Anti-vaxxer filmmaker Joan Shenton cancels Australian tour ahead of film screening

By @chelean on
An illustration picture shows a Gardasil anti-cervical cancer vaccine box displayed at a pharmacy in Strasbourg November 25, 2013.
An illustration picture shows a Gardasil anti-cervical cancer vaccine box displayed at a pharmacy in Strasbourg November 25, 2013. Reuters/Vincent Kessler

British broadcaster Joan Shenton has cancelled her planned trip to Australia ahead of the scheduled screenings of her controversial anti-vaccination film “Sacrificial Virgins.” The film, which opposes the Gardasil vaccine given to school children, is dubbed by Health Minister Greg Hunt as spreading “false and reckless claims.”

Shenton’s visa for Australian entry is still “under consideration,” but it appears she wouldn’t be needing it anymore as she has already cancelled her tour. Australian Vaccination-Risks Network, which had organised her tour, said the deadline for her flight had passed while the Home Affairs considered her visa application.

“Sacrificial Virgins” claims HPV does not cause cervical cancer. It also opposes the use of Gardasil vaccine, which protects against forms of HPV and is administered to girls and boys 10 years and older. It is scheduled for screening at a few locations in the country next month.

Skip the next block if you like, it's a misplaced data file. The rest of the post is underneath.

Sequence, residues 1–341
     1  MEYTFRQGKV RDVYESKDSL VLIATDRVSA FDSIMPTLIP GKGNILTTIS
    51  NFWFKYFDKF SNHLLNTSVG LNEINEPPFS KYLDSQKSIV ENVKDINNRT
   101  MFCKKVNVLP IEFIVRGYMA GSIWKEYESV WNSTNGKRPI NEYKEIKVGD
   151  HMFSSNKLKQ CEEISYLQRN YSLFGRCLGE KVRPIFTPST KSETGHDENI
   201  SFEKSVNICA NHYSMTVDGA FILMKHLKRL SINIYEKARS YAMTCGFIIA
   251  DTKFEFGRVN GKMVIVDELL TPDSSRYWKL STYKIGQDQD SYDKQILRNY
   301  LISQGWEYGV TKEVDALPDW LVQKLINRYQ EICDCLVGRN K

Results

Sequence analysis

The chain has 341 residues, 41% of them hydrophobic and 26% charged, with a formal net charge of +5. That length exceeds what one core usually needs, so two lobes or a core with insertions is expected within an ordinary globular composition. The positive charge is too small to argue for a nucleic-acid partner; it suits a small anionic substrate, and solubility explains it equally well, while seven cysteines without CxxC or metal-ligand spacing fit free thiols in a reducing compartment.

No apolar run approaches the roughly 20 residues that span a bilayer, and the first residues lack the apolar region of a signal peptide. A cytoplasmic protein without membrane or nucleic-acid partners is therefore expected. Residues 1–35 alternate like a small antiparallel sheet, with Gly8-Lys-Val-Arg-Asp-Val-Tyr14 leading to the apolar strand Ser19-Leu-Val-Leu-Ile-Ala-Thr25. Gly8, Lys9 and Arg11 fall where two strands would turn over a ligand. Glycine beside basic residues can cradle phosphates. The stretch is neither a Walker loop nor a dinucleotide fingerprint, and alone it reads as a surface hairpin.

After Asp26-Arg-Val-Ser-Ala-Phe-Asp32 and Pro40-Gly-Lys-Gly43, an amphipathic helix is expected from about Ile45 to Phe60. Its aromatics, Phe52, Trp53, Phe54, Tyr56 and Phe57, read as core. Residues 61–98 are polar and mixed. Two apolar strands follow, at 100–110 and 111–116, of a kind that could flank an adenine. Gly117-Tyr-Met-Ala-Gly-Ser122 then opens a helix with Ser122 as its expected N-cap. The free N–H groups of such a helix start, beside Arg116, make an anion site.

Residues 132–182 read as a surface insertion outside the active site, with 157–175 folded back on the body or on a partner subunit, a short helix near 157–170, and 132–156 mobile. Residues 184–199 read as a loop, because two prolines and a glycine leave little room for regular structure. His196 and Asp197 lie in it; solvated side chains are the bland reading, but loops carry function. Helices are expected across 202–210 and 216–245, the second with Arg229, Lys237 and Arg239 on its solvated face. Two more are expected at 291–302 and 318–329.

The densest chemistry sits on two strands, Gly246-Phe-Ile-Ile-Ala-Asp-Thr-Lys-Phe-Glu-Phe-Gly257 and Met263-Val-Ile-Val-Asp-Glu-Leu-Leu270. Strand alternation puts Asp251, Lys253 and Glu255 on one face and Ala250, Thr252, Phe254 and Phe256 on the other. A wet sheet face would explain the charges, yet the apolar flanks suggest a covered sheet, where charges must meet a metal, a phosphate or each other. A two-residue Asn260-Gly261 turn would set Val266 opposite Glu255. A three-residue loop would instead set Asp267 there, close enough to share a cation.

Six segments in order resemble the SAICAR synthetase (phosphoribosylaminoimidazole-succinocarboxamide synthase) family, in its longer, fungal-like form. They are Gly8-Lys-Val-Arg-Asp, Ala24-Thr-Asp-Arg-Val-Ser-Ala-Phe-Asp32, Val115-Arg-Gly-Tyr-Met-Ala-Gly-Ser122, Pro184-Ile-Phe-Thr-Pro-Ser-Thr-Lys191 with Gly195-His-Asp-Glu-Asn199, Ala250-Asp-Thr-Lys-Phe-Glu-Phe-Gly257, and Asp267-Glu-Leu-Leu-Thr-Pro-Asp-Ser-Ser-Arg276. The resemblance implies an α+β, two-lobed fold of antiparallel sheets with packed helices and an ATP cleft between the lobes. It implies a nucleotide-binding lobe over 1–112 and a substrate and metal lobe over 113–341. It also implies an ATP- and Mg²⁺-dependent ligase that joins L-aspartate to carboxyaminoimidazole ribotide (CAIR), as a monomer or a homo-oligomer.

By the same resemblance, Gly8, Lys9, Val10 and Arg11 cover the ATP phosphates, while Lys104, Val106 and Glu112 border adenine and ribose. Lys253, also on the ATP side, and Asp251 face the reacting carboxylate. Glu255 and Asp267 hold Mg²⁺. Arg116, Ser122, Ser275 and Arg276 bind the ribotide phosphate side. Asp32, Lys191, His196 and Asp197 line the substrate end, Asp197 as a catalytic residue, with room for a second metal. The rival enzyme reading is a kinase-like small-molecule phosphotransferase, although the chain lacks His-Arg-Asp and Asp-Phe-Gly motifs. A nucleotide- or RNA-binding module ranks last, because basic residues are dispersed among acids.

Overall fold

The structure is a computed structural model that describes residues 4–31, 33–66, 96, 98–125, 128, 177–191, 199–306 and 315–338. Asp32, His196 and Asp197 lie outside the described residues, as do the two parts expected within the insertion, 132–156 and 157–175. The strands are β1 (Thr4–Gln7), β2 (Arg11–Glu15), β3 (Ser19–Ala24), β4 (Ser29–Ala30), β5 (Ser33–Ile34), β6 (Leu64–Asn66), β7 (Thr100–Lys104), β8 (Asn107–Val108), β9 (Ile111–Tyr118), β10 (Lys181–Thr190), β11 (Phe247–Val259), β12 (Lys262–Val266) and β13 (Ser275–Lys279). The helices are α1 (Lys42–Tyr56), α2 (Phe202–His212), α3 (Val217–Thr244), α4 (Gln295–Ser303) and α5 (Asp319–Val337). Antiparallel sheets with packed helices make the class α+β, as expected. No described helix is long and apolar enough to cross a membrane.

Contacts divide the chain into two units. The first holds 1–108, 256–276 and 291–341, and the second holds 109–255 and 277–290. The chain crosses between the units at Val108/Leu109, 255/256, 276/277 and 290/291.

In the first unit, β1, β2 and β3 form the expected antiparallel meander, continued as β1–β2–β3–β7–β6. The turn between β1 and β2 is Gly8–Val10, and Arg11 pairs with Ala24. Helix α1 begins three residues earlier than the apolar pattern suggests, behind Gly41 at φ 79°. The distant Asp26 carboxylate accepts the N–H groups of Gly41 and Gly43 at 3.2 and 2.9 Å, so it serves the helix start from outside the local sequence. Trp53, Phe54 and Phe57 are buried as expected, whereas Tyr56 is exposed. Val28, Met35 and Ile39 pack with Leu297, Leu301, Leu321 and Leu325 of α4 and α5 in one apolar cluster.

Hunt said Shenton’s film targets the Australian government’s cancer prevention program. “The science is in and the medical experts advice is absolute — vaccinations save lives and protect lives and they are an essential part of a healthy society,” he told Fairfax Media. “I have no time for the false and reckless claims made by anti-vaxxers and I will continue to call out their dangerous claims.”

A Home Affairs spokesperson has confirmed to SBS that Shenton has applied for a visa but they have not made a decision on it yet.

“All non-citizens seeking to enter Australia must meet the character requirements set out in the Migration Act 1958 and can be refused a visa if they fail to do so,” the spokesperson said. “For visitors who may hold controversial views, any risk they may pose will be balanced against Australia’s well-established freedom of speech and freedom of beliefs, amongst other relevant considerations.”

While Shenton said she was “very disappointed” that she would not be able to meet families who want to know about the “risks” of HPV vaccinations, she said she would still be appearing live on screen during the screenings.